The Mudcat Café TM
Thread #50439 Message #2882526
Posted By: Jim Dixon
08-Apr-10 - 09:27 PM
Thread Name: Origins: Frozen Charlotte / Young Charlotte
Subject: Lyr Add: A CORPSE GOING TO A BALL (Seba Smith)
From The Rover: A Weekly Magazine of Tales, Poetry, and Engravings, edited by Seba Smith (New York: S. B. Dean & Co., 1844) Vol. 2, No. 15, page 225:
A CORPSE GOING TO A BALL
The incident, from which the following ballad is woven, was given in the papers three or four years ago as a fact. It was stated, that a young lady in the country, while riding some distance to a ball on New Year's evening, actually froze to death.
1. Young Charlotte lived by the mountain side,
A wild and lonely spot;
No dwelling there, for three miles round,
Except her father's cot;
2. And yet on many a winter's eve
Young swains were gather'd there,
For her father kept a social board,
And she was very fair.
3. Her father loved to see her dress'd
As prim as a city belle,
For she was all the child he had,
And he loved his daughter well.
4. 'Tis New Year's eve—the sun is down—
Why looks her restless eye
So long from the frosty window forth,
As the merry sleighs go by?
5. At the village inn, fifteen miles off,
Is a merry ball to-night—
The piercing air is cold as death,
But her heart is warm and light;
6. And brightly beams her laughing eye,
As a well-known voice she hears;
And dashing up to the cottage door
Her Charley's sleigh appears.
7. "Now daughter dear," her mother cried,
"This blanket round you fold,
For 'tis a dreadful night abroad;
You'll catch your death a-cold."
8. "O nay, O nay," fair Charlotte said,
And she laugh'd like a gipsy queen,
"To ride with blankets muffled up
I never could be seen—
9. "My silken cloak is quite enough;
You know 'tis lined throughout;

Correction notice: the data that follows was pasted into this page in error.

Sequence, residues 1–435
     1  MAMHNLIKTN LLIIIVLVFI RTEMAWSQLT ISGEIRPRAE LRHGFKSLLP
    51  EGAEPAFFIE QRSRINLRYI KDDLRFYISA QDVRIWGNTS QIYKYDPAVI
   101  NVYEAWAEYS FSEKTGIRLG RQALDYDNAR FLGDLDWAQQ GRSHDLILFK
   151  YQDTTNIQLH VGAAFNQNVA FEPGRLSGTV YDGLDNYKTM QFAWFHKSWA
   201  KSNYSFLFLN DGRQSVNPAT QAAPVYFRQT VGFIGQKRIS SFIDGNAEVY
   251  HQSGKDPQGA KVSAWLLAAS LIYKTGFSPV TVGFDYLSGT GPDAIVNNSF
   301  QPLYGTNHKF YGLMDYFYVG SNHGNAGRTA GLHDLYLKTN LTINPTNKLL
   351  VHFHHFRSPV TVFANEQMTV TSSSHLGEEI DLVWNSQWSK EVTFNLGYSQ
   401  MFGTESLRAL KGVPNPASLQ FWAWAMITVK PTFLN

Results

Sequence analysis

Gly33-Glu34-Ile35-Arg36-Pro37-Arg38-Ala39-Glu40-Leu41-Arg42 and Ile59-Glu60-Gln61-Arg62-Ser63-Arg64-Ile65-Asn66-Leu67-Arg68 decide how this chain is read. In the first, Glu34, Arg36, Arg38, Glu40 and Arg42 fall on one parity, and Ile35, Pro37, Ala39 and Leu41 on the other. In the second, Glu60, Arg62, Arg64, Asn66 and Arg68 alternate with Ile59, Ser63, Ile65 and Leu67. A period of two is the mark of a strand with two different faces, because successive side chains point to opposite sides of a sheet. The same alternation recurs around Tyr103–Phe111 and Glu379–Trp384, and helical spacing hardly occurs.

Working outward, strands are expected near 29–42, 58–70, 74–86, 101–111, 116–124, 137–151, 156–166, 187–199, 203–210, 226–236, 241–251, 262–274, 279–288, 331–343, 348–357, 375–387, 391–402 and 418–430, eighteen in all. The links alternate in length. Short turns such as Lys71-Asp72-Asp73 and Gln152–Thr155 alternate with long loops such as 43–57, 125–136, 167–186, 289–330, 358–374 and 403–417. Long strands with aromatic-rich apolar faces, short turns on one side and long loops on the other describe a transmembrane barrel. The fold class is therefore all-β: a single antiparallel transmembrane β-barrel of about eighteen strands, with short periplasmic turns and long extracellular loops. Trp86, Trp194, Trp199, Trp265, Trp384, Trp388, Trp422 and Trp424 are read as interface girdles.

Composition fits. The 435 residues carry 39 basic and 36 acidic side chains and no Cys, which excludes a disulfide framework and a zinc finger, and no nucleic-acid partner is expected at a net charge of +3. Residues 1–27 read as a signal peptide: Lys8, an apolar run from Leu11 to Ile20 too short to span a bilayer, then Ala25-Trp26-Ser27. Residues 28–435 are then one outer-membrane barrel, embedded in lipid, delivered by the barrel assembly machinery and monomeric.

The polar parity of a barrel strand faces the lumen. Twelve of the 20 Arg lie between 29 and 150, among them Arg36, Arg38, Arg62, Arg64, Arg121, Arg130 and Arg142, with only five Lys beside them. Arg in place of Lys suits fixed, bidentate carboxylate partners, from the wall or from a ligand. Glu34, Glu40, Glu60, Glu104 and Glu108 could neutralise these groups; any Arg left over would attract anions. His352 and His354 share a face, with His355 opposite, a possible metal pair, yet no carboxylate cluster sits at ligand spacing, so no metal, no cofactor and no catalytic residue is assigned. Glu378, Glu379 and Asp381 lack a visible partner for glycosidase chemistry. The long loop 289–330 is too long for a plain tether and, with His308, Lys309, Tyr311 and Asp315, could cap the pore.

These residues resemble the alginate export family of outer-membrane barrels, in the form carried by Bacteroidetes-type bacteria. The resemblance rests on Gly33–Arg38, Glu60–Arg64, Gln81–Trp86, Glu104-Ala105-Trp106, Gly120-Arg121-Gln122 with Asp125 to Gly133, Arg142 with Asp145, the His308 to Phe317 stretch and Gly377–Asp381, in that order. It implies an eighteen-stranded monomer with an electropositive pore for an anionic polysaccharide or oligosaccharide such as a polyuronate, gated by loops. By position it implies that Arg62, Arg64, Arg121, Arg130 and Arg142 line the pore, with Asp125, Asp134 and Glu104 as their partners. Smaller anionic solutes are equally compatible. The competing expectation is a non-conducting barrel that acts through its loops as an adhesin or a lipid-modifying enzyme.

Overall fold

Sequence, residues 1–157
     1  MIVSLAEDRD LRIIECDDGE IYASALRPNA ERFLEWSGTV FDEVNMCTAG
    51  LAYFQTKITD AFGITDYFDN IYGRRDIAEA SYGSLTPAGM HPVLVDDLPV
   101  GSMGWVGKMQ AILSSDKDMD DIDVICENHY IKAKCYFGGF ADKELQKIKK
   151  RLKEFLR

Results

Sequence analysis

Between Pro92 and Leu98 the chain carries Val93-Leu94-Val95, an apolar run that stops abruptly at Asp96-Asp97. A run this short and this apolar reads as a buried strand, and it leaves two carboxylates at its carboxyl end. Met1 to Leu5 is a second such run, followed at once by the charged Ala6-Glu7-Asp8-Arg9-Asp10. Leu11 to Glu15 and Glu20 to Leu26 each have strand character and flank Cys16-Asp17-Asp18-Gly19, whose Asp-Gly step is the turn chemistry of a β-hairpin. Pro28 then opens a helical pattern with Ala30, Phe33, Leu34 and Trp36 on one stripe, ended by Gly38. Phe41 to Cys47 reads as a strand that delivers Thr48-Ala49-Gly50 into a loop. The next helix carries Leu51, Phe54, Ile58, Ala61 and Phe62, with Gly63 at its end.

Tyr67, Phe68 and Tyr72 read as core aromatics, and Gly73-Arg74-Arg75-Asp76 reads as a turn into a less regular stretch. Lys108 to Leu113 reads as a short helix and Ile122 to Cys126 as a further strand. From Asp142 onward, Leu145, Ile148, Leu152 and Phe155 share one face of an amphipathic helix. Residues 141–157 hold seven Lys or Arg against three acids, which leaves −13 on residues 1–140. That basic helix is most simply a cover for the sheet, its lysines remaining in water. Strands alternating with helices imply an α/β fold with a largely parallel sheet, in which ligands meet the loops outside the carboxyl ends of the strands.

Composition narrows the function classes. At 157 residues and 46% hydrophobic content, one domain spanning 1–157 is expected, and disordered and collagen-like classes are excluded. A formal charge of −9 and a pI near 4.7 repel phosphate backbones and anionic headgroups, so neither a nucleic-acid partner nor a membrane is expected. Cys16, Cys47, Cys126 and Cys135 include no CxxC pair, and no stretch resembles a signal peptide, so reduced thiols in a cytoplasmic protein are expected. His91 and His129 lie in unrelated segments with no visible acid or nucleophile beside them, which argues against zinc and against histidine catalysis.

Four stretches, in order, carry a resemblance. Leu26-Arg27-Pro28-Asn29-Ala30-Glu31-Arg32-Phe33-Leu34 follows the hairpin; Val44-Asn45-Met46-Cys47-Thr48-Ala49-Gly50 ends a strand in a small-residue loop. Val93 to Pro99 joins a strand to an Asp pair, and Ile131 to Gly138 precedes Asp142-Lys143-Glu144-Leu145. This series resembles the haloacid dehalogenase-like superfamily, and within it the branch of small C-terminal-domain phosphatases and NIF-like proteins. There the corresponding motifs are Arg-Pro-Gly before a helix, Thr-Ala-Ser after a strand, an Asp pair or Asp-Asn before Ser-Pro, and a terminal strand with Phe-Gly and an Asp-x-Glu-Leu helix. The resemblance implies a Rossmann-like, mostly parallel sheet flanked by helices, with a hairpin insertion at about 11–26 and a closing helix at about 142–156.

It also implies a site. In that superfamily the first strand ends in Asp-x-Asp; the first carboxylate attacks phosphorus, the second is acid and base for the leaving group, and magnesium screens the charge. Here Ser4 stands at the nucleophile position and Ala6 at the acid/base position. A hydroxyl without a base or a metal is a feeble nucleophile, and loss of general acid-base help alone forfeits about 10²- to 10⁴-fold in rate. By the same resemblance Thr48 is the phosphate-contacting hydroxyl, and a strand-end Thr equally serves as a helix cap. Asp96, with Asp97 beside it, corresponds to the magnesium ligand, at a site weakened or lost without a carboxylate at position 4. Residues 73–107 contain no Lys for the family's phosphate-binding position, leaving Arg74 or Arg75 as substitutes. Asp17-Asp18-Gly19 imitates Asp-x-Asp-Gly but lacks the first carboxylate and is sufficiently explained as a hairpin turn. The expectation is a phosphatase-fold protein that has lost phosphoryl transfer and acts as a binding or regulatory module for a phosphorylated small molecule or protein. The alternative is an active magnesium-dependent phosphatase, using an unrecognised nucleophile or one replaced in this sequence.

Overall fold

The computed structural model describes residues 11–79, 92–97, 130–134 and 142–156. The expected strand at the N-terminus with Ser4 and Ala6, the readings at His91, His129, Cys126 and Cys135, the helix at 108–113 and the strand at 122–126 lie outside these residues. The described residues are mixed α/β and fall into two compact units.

And then I have a silken shawl
To tie my neck about."
10. Her bonnet and her gloves are on.
She jumps into the sleigh;
And swift they ride by the mountain side,
And over the hills away.
11. There's life in the sound of the merry bells,
As over the hills they go;
But a creaking wail the runners make,
As they bite the frozen snow.
12. How long the bleak and lonely way!
How keen the wind does blow!
The stars did never shine so cold—
How creaks the frozen snow!
13. With muffled faces, silently,
Five cold, long miles they've pass'd,
And Charles, with these few frozen words,
The silence broke at last—
14. "Such night as this I never saw—
The reins I scarce can hold;"
And Charlotte, shivering, faintly said,
"I am exceeding cold."
15. He crack'd his whip, and urged his steed
More swiftly than before,
And now five other dreary miles
In silence are pass'd o'er—
16. "How fast," said Charles, "the freezing ice
Is gathering on my brow;"
But Charlotte said, with feebler tone,
"I'm growing warmer now."
17. And on they went through the frosty air
And the glittering, cold star-light;
And now at last the village inn
And the ball-room are in sight.
18. They reach the door, and Charles jumps out,
And holds his hand to her—
Why sits she like a monument,
That hath no power to stir?
19. He call'd her once—he call'd her twice—
She answer'd not a word;
He ask'd her for her hand again,
But still she never stirr'd—
20. He took her hand in his—O God!
'Twas cold and hard as stone;
He tore the mantle from her face;
The cold stars on her shone—
21. Then quickly to the lighted hall
Her voiceless form he bore—
His Charlotte was a stiffen'd corse,
And word spake never more!